Learn how to prepare rehearsals in such a way as to inspire your singers and increase the beauty of their sound. While it is commonly thought that the more you sing through an anthem the better it gets, the truth is that simply singing through anthems repeatedly does not necessarily improve accuracy or quality. Examine sample anthems with annotations that help show how to attain dynamic improvements in your choirs, creating an intriguing experience for choir members, and a tremendous boost to skill-building.
In Splendid, Varied Ways: Preparing Music for Intercultural Worship
“Intercultural Worship” is comprised of several critical dimensions of music: what it sounds like, who holds the power, who is leading it, how it is prepared, and how it is evaluated. Grounded in pastoral practice in Latino/Anglo communities, and in the guiding documents on multicultural worship, we will discuss how far we have come, and how far we have to go, to embrace the rich diversity of the contemporary landscape in our sung prayer.
Adoration & Exposition
Fr. James Burkart
How do we celebrate this devotion in a way that accords with the Church’s rites and that unites them to Mass and the liturgical year?
The Liturgical Composer’s Tool Kit
Francis Patrick O’Brien
Writing for worship is more than just creating a great tune and text. Explore the different musical, liturgical, and theological elements that go into shaping the assembly’s song.
When working with young people there are few things more powerful than the union of music and catechesis. Learn how music and catechetical ministries can work together to create meaningful moments for the young of your parish communities, as well as whole parish events.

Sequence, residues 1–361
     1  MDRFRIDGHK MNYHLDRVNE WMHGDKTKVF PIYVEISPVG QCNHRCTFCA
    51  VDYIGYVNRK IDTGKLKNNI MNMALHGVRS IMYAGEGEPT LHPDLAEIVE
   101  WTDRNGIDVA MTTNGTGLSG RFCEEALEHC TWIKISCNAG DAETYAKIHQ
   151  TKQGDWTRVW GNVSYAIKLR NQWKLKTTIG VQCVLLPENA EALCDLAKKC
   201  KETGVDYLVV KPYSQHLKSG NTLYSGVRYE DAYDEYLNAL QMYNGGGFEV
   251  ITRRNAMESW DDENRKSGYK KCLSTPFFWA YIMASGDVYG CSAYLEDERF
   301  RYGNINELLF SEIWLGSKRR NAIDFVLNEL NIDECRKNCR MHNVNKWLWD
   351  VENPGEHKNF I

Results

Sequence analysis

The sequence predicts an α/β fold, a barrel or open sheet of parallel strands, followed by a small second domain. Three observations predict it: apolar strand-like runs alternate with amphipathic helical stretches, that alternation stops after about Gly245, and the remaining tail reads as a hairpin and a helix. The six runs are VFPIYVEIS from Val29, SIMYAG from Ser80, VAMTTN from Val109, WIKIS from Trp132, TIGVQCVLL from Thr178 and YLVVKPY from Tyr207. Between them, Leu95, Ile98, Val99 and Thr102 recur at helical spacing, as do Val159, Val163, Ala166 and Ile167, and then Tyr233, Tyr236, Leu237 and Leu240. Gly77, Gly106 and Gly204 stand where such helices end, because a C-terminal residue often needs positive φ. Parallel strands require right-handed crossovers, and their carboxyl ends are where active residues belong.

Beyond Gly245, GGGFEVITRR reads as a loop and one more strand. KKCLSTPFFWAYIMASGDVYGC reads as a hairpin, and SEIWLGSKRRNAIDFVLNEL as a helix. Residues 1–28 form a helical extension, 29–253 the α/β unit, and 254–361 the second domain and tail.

Organizational Development in the Parish, Part 1
Who are you, and how do others see you? How effective are you? We will explore some fundamentals for developing and growing in organizational effectiveness. Discover and understand who you are as a leader, and the gifts, talents, and strengths that you bring to the table. Then, explore how you can purposely strengthen your areas of giftedness, including discerning God’s purpose for your life, so that you may have greater impact in your ministry while minimizing weaker areas and/or forming complementary relationships to enhance your overall effectiveness.
Where Have All the Children Gone?
Beyond the oft-cited complaints about music, what are the real reasons young people are leaving their faith behind? Join John and a panel of young people, lay adults, and clergy, to discuss a variety of questions received from social media, recorded video from people across the country, and those present. We will expand the discussion beyond music issues in an effort to unveil reasons as to why people are leaving the faith.
Serving at the Liturgy: Assessing Talents and Training Ministers
Victoria M. Tufano
As pastoral staffs change and evolve, more musicians are being tasked with greater liturgical responsibilities, including the recruitment and training of liturgical ministers, not just musicians, and the training of all who serve in liturgical roles to obtain the necessary skills to perform them effectively. Learn how to identify members of the parish community to serve the liturgy, assess their talent, and discern their possible involvement and commitment. Pastoral suggestions will be offered and discussed, and participants will learn the essential elements of ministerial formation and best practices for recruitment, skills assessment, and volunteer management. Fundamentals of training liturgical ministers will also be introduced, including history, theology, and practical skills, and an examination of the role of lay (liturgical) ministry as explained in Sacrosanctum Concilium and Christifideles Laici.